News Release

To Eat or Not to Eat: Targeting autophagy to enhance memory immune responses

Researchers from Osaka University have discovered a shorter isoform of Rubicon called RUBCN100, which enhances autophagy in B cells. Their findings provide further insight into the role of Rubicon in autophagy

Peer-Reviewed Publication

Osaka University

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Credit: 2023, Chao-Yuan Tsai, et al., Opposing roles of RUBCN isoforms in autophagy and memory B cell generation, Science Signaling.

Osaka, Japan – Memory B cells depend on autophagy for their survival, but the protein Rubicon is thought to hinder this process. Researchers from Osaka University have discovered a shorter isoform of Rubicon called RUBCN100, which enhances autophagy in B cells. Mice that lacked the longer isoform, RUBCN130, produced more memory B cells in a way that relied on autophagy. These findings provide further insight into the role of Rubicon in autophagy.

Autophagy is a mechanism that degrades and recycles damaged components or organelles in cells, which plays an important role in various systems. In the immune system, autophagy is involved in B cell self-renewal and the survival of memory and plasma B cells. However, the effects of enhancing autophagy in B cells are not well understood.

The protein Rubicon (RUBCN) inhibits autophagy and impacts various conditions like fatty liver, kidney fibrosis, brain α-synuclein accumulation, systemic fat atrophy, osteoporosis, and myocardial ischemia/reperfusion injury. However, RUBCN deficiency can also lead to metabolic syndrome and decreased Sertoli cell function in mice. RUBCN also regulates noncanonical autophagic processes like LC-3–associated phagocytosis (LAP), LC-3–associated endocytosis (LANDO), or micropinocytosis (LAM). Loss of RUBCN impairs LAP/LANDO and enhances fungal infection and neurodegeneration, but enhances antitumor "T cell" responses and germinal center (GC) B (BGC)–cell differentiation in mouse models. However, the exact mechanisms of RUBCN's control over autophagy and other functions are still not fully understood.

Here, we have identified and characterized a RUBCN isoform called RUBCN100. RUBCN100 is translated from alternative start codons of the same messenger RNA that encodes RUBCN130. Autophagy is enhanced in B cells deficient in RUBCN130 or expressing RUBCN100. In mice, selective deficiency of RUBCN130 enhances the generation of memory B cells and suppresses the differentiation of plasmablasts. The increase in B cell memory is further increased by enhanced recall responses in B cell-specific RUBCN knockout (RUBCN B-KO) mice. Importantly, elevated canonical autophagy alters the fate of BGC cell differentiation without affecting GC formation or cell survival in RUBCN B-KO mice.

The presence or absence of the RUN domain in RUBCN isoforms may explain their distinct functions in regulating autophagy (Figure 1). RUBCN100-VPS34 complexes enhance VPS34 activity, promoting autophagosome formation. On the other hand, RUBCN130-VPS34 complexes suppress autophagy by inhibiting VPS34 activity and autophagosome-lysosome fusion. Additionally, RUBCN100 restrains mTORC1 in early endosomes, delaying its activation. Put simply, RUBCN100 promotes autophagy, while RUBCN130 has a suppressive role.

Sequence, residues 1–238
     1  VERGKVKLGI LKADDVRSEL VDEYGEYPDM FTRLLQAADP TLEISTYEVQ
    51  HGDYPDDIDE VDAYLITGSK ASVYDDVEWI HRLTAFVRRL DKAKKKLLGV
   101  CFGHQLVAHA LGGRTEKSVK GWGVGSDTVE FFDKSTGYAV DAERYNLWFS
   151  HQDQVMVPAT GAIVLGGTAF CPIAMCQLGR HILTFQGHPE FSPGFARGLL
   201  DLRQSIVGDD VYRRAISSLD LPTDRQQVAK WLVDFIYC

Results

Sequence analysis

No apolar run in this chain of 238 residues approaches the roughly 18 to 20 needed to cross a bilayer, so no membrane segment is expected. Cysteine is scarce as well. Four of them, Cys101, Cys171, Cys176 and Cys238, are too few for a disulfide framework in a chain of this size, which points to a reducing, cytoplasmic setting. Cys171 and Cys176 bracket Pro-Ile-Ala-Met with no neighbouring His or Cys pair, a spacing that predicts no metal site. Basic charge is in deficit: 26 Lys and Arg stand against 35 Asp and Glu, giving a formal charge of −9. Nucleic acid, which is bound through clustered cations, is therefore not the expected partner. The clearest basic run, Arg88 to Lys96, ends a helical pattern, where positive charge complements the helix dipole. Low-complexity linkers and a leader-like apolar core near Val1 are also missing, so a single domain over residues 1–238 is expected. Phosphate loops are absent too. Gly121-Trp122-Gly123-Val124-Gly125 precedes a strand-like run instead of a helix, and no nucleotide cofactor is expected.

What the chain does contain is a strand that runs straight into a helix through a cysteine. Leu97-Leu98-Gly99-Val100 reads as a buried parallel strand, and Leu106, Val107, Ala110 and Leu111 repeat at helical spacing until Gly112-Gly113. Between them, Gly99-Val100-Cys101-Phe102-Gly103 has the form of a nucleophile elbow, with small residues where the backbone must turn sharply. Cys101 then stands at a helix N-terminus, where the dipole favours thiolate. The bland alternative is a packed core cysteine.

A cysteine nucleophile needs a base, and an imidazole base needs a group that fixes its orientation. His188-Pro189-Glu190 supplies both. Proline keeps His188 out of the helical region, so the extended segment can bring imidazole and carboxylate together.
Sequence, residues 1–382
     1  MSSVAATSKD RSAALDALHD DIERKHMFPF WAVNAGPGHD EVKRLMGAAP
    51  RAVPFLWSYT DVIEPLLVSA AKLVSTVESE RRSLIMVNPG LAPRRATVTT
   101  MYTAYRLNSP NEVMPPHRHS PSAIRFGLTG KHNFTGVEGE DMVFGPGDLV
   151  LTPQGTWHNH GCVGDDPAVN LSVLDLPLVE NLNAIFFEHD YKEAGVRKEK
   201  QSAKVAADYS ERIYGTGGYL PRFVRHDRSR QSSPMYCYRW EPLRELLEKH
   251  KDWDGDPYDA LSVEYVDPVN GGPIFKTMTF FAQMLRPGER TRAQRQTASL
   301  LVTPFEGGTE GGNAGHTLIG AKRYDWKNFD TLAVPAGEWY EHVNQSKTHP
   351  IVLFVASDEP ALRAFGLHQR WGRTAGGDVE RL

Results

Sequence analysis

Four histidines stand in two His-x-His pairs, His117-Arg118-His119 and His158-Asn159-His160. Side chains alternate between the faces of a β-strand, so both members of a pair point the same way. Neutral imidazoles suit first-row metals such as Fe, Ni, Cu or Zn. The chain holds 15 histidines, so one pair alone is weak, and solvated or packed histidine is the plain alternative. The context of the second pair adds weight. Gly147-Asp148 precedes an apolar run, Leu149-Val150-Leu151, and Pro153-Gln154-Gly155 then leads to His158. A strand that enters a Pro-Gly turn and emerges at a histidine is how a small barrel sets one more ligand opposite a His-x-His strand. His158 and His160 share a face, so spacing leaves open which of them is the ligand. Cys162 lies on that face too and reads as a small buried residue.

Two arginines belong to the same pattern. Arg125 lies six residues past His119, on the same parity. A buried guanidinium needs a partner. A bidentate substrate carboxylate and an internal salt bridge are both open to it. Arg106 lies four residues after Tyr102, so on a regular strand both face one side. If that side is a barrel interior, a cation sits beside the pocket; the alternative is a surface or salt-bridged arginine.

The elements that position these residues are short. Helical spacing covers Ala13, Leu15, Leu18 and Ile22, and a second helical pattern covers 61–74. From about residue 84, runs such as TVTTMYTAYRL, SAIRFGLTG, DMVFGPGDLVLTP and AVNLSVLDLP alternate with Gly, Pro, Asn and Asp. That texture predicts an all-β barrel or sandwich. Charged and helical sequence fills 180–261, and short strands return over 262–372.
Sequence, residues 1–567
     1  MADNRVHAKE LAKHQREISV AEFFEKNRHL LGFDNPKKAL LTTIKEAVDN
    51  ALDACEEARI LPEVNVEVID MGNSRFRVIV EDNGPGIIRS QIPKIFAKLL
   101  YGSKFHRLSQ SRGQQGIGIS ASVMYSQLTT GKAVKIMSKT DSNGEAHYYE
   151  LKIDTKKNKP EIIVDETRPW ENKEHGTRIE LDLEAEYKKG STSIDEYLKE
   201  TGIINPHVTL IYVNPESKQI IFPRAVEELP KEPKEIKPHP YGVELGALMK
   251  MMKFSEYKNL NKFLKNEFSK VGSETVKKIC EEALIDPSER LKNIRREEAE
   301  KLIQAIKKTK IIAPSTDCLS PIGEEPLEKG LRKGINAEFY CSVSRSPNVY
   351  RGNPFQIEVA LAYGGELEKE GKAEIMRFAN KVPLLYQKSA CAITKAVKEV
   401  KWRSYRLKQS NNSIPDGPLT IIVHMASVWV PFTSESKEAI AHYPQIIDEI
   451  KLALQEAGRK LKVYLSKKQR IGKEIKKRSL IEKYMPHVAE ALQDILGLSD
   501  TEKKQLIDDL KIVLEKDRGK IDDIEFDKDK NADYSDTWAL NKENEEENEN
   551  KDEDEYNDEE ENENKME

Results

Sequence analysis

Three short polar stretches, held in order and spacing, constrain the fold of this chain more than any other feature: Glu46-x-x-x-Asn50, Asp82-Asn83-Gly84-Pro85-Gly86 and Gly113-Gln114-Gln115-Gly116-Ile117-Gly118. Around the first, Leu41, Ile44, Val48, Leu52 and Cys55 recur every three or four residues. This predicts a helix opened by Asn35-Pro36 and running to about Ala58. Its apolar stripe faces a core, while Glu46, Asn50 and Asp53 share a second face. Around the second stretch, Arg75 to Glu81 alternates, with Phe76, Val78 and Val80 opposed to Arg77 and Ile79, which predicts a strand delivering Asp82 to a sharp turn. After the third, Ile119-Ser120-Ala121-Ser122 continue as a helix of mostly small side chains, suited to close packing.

In summary, we found a RUBCN isoform called RUBCN100 and showed that the interaction between the two RUBCN isoforms is important for regulating autophagy. The balance of these isoforms is crucial for maintaining cellular balance and controlling autophagy and mTORC1 activity. A deficiency in RUBCN130 and enhancing autophagy with drugs can increase memory B cell generation. The discovery of RUBCN100 not only resolves conflicting findings about RUBCN's functions but also sheds light on manipulating B cell memory.


The article, “Opposing roles of RUBCN isoforms in autophagy and memory B cell generation“, was published in Science Signaling at DOI:

About Osaka University

Osaka University was founded in 1931 as one of the seven imperial universities of Japan and is now one of Japan's leading comprehensive universities with a broad disciplinary spectrum. This strength is coupled with a singular drive for innovation that extends throughout the scientific process, from fundamental research to the creation of applied technology with positive economic impacts. Its commitment to innovation has been recognized in Japan and around the world, being named Japan's most innovative university in 2015 (Reuters 2015 Top 100) and one of the most innovative institutions in the world in 2017 (Innovative Universities and the Nature Index Innovation 2017). Now, Osaka University is leveraging its role as a Designated National University Corporation selected by the Ministry of Education, Culture, Sports, Science and Technology to contribute to innovation for human welfare, sustainable development of society, and social transformation.


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